Gandhi-mukt Cong or Cong-mukt Bharat?

Congressmen face a tough choice given Rahul’s repeated failures and piling non-performing assets in the party

Published: 21st May 2016 04:00 AM  |   Last Updated: 21st May 2016 07:47 AM   |  A+A-

gandhi

Thursday’s election results in four big states can be read whichever way one wants depending on where one’s loyalties lie but I guess not many would argue on one aspect: the Congress Party is now clearly a Confused Party. Less than 24 hours after the Congress was erased from two more states on India’s political map, one of its veterans, Digvijaya Singh, came up with these nuggets — The party requires a deep surgery; enough introspection has been done and it is now time to act; young generation should take over.

That Digvijaya is among the old, tired faces who need to pave the way for young leaders with fresh legs and energy to deal with newer political challenges is one part of the story. But, to be fair to him, we can understand the reason for his fatigue. Branded the “mentor” of Rahul Gandhi after the latter was elected to Parliament for the first time in 2004, it has taken exactly 12 years for the Madhya Pradesh man to realise that he was dealing with a student who just cannot clear the test.

Unless one is from the Gandhi family, there is no way anyone else in the Congress would have been given so many opportunities only to fail each time. The first task Rahul took up was the reform of the NSUI and perhaps, soon realised it is beyond reform. Then, he picked the Youth Congress only to give up this assignment too. Soon, he was surrounded by a small coterie — some of whom have returned from abroad with fashionable ideas and others good at NGO work, not politics.

His mother, at least, learnt the nuances of dealing with coalition politics but he could not imbibe even that, prompting that famous statement from Lalu Prasad Yadav — “Unko mera chehra achcha nahi lagtha hai” (He doesn’t like my face). Add to this his comical acts — spending two hours at a biryani joint in Hyderabad or travelling by second class in a local train. At best, they are photo ops

(that too, because the party was in power at the time), nothing else. 

Politics is a serious profession meant to serve the people and Rahul Gandhi seems anything but serious about anything he does. This is precisely what a Congress MP told me over dinner in Delhi a couple of weeks ago. They do not know what to do, the party is direction-less. In the past, right or wrong, they had one person to look up to — Sonia Gandhi. Anxious to ensure that her son clears the test, Sonia is said to have stopped taking active interest in party affairs, hoping that the son will learn the ropes. But, the problem appears to be that he doesn’t know what partymen tell him and they do not understand what he tells them.

 

Of all the reactions and anecdotes we heard on TV shows Thursday, the most amusing was given by Himanta Biswa Sarma from Assam, a Congressman for many years before he raised the banner of revolt and joined the BJP. He was a minister in the Tarun Gogoi cabinet and was patiently waiting for his turn only to have his hopes dashed when Gogoi fielded his son in the 2014 Lok Sabha election. The signal was clear. It will either be the senior Gogoi or his son. Asked if he joined the BJP because Rahul Gandhi refused him appointment, Sarma came up with this: “No. your information is wrong. I was indeed given audience. But, the problem is that the moment you start telling him something, he starts playing with his pet. In between, he pretends to be listening but you can make out he is not serious.” He then went on to say that there was no future for the Congress until it gave up reliance on “blue blood” leaders. In other words, those who represent the dynasty culture that the Congress is synonymous with and Rahul is right up there. Sarma was also a protégé of Digvijaya, who was general secretary for Assam, and the latter is reported to have promised him the top job but the “high command” put its faith in 80-year-old Gogoi.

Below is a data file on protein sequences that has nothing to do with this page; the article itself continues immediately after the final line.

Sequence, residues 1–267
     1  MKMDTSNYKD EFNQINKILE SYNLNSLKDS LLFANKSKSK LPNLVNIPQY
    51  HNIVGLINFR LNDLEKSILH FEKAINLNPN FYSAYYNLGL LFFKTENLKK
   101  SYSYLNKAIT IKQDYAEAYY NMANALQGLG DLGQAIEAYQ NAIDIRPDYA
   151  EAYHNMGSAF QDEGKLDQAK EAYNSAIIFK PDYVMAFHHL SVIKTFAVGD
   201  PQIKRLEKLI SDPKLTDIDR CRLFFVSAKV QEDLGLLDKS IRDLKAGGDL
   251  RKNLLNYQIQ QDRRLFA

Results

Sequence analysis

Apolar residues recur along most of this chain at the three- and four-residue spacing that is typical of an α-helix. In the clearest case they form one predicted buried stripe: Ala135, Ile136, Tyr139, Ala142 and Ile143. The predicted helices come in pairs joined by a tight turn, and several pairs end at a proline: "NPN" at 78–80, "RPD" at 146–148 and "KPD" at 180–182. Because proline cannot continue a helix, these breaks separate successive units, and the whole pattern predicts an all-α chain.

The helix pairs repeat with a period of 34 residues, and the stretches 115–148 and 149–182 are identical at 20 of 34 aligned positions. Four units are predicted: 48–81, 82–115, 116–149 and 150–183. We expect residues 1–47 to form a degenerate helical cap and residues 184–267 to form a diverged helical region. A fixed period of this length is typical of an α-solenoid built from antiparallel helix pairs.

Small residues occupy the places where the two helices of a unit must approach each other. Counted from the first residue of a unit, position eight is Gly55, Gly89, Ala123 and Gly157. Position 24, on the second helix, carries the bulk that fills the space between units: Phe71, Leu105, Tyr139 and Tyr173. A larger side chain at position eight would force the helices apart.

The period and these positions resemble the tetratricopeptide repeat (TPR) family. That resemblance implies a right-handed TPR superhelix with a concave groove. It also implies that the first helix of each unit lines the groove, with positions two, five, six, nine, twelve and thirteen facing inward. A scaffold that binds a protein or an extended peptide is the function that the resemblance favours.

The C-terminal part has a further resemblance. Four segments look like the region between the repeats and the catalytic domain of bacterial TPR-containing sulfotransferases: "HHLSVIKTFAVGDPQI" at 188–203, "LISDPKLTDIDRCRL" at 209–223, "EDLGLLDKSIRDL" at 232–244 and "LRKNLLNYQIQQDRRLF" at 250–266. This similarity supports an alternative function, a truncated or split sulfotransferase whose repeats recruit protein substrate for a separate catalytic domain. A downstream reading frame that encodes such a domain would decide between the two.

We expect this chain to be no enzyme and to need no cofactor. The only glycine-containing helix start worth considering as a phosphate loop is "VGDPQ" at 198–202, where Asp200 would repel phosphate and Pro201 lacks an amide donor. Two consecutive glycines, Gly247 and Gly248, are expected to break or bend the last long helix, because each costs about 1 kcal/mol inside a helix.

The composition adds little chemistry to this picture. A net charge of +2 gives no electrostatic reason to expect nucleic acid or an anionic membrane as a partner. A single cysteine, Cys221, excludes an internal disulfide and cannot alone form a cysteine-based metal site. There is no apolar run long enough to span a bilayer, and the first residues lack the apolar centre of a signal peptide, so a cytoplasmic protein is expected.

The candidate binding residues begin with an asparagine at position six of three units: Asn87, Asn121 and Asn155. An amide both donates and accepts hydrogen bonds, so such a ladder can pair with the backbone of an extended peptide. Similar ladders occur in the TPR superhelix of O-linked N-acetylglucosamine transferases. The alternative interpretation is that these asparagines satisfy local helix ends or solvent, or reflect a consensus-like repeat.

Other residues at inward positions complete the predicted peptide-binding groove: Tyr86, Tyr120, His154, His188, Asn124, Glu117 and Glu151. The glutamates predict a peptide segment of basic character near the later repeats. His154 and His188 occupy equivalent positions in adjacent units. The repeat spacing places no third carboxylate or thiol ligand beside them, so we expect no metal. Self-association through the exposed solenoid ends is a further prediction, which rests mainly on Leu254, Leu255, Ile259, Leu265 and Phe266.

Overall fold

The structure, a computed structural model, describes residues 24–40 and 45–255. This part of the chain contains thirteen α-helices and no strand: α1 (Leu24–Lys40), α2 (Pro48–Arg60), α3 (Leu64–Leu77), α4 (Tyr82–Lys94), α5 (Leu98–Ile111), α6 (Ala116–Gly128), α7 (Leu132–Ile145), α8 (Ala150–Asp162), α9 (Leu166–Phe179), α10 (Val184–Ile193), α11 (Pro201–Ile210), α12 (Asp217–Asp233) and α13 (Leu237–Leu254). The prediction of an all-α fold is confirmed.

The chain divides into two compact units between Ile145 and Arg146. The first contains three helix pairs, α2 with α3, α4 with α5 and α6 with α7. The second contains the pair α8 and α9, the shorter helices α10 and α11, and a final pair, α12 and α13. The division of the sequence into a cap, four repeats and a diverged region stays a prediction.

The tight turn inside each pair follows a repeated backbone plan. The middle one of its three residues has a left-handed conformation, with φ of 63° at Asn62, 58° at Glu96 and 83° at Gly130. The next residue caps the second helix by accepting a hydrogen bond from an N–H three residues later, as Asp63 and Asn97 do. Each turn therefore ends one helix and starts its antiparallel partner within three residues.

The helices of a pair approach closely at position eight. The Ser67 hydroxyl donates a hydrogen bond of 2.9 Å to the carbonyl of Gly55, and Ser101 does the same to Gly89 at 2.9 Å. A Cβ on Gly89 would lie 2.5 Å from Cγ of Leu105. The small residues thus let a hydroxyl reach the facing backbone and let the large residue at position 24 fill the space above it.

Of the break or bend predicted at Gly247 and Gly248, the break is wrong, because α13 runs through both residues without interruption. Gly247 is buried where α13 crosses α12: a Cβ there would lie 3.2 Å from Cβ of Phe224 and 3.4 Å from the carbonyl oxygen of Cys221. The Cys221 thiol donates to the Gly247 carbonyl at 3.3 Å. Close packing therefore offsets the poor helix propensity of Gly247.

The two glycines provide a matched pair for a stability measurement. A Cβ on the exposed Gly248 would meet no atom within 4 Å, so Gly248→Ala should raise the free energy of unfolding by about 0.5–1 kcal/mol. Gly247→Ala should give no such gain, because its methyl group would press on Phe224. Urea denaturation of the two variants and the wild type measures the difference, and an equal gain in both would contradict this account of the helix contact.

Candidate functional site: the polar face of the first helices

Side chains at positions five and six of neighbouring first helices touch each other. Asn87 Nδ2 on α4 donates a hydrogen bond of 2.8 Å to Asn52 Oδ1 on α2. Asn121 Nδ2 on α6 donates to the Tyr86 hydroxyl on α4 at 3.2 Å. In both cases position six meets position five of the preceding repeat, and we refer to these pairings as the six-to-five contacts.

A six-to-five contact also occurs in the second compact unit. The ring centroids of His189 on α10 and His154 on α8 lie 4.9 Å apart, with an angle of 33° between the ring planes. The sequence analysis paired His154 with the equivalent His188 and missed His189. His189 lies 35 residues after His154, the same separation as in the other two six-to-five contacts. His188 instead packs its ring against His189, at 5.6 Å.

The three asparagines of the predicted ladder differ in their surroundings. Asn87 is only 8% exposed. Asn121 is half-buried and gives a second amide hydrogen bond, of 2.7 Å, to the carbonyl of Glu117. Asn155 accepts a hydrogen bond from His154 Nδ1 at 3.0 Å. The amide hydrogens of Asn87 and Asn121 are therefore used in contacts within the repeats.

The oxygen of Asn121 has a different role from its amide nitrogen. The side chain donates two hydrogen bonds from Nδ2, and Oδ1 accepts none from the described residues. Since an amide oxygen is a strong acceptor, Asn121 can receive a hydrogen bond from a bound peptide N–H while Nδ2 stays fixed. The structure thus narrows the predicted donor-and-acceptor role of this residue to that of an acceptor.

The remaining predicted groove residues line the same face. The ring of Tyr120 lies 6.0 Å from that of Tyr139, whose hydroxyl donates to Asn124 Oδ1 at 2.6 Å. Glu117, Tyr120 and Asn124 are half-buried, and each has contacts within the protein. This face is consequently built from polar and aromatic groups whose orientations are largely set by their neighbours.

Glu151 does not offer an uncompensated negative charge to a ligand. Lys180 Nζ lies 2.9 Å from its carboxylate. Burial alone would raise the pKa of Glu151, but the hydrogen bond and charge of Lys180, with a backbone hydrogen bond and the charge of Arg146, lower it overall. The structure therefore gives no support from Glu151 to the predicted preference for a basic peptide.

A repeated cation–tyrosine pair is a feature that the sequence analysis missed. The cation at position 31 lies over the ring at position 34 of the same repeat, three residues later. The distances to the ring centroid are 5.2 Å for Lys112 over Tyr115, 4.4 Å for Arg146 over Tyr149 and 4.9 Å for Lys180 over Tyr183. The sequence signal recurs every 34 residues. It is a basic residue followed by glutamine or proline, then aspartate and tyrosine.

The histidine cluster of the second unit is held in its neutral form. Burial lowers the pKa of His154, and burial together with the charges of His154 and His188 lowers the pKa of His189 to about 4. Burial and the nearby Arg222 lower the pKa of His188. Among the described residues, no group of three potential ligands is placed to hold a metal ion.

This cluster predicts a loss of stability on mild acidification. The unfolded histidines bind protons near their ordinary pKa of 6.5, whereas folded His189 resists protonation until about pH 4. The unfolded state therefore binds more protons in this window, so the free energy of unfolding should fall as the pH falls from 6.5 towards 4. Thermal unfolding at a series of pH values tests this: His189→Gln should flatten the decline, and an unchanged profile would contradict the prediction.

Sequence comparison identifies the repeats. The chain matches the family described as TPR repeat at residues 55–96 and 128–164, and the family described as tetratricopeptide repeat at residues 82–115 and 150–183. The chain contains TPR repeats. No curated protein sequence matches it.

Poor Digvijaya lamented that it is now more than a year since all general secretaries submitted a detailed report to Rahul Gandhi on the reasons for the 2014 debacle and to this day, they do not know what happened to it. Blame it on Rahul Gandhi or his pet?

 

Like after every electoral debacle, we are beginning to hear the same chorus. Rahul has failed, so it is time for Priyanka to step in and save the party. Congressmen are hoping that she will somehow be cajoled into entering politics by the time elections in Uttar Pradesh draw close. If not anything else, it could stem further rot is what they seem to think. In any case, that is the last weapon in the arsenal for Congressmen who cannot see beyond 10 Janpath. “The party is neither in the ICU nor on the death bed,” a senior Congress leader waxed on Thursday but the fact remains that sooner than later, it is bound to slip into a “beyond redemption” zone given its piling “Non-Performing Assets” (NPAs), just as some of our public sector banks are saddled with.

So, the choice before Congressmen is to work for a Gandhi-mukt Congress or aid the BJP in its campaign to achieve a Congress-mukt Bharat.

G S vasu is Editor of TNIE.

E-mail: vasu@newindianexpress.com

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